While the Spanish are a renowned nation of pork lovers thanks to the legendary jamón, and are not averse to enjoying the odd pig’s ear or trotter, there are some piggy parts that even they will not entertain the thought of eating.
But thanks to China, Spanish exporters now have a growing market hogging Spain’s pork off cuts and it is literally bringing home the bacon.
Exports of Spanish pork off cuts to China rose from €59.2 million in 2013 to €76.3 million in 2014, a 24 percent rise in one year, according to figures from Spain’s office of meat exports.
While China is the biggest importer of Spanish pork innards, it is currently the fourth biggest importer of Spanish pork as a whole, behind France, Portugal and Italy, importing €109 million worth of pork in 2014.
China’s ascent has coincided with Russia’s fall; Russia banned all imports of EU meat products in August 2014 in response to countries who imposed sanctions on Moscow to punish the country for the ongoing war in Ukraine.
José Manuel Alvarez from Spain’s office of meat exports (OECE) told The Local that despite the closure of the Russian market, Spanish exporters have been looking towards Asian markets where pigs are flying...off the shelves:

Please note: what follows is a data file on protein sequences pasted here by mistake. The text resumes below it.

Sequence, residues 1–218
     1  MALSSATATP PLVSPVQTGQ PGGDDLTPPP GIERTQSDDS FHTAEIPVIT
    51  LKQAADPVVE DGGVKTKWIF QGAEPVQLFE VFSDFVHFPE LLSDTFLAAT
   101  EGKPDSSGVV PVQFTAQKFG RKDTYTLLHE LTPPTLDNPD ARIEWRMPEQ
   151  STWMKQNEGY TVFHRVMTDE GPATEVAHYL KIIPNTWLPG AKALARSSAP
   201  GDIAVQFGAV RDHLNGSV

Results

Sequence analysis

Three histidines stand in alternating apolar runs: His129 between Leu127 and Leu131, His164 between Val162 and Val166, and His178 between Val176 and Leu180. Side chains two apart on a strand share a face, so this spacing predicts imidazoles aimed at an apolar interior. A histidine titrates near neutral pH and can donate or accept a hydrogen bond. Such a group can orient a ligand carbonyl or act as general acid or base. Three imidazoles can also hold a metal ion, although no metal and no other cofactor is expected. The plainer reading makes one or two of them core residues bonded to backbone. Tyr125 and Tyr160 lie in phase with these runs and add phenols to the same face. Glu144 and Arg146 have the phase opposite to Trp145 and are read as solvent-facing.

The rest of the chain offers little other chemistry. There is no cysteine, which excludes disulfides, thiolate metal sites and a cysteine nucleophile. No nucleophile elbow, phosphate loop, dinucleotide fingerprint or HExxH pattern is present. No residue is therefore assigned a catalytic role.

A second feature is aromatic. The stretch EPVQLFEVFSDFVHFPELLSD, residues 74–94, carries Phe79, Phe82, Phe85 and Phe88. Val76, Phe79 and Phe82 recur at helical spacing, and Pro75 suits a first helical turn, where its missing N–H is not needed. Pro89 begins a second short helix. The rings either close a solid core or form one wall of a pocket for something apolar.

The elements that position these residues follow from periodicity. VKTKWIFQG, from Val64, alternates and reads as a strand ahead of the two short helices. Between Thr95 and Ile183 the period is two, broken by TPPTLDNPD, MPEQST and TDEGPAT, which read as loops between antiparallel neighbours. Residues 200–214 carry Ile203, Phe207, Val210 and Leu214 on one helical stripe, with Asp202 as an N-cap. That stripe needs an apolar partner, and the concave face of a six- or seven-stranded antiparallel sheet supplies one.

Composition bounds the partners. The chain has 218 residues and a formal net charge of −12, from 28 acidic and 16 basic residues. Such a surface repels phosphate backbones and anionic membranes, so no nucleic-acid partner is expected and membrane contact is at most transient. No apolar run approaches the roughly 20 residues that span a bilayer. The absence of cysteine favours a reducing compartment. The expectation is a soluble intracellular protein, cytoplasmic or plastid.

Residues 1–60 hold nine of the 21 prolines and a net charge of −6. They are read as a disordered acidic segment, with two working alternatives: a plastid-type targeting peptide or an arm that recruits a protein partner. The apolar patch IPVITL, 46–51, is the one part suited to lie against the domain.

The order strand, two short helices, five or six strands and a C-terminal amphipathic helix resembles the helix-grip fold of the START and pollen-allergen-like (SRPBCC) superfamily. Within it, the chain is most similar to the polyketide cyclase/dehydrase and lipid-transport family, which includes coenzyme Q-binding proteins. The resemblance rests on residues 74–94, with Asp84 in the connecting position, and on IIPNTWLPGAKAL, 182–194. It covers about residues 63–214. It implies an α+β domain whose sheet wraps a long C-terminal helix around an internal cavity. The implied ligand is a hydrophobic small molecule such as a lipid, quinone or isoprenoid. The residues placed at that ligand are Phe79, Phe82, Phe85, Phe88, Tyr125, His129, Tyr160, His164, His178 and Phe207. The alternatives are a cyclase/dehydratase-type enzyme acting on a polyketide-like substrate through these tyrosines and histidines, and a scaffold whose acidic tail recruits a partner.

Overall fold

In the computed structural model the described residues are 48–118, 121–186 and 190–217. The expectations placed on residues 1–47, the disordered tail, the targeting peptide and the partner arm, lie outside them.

"Since the closure of the Russian market, our exporters have been looking towards alternative Asian markets which has increased their sales prices more than almost all of their EU competitors.
"We are hoping to significantly increase exports to China in the coming years because of the opportunity it presents," Alvarez told The Local.
Spain currently ranks fourth among the world’s pork exporting nations, exporting eight percent of the world’s total, or 1.4 million tonnes.
The country is only beaten by Germany (18 percent) a nation known for its beloved wurst, USA (15 percent) and Denmark, home of legendary Danish bacon (10 percent).
In 2014, Spain exported a million tonnes of pork, worth €2.5 billion, a 9 percent growth on the year before, the Spanish Office of Meat Exports (OECE) told The Local.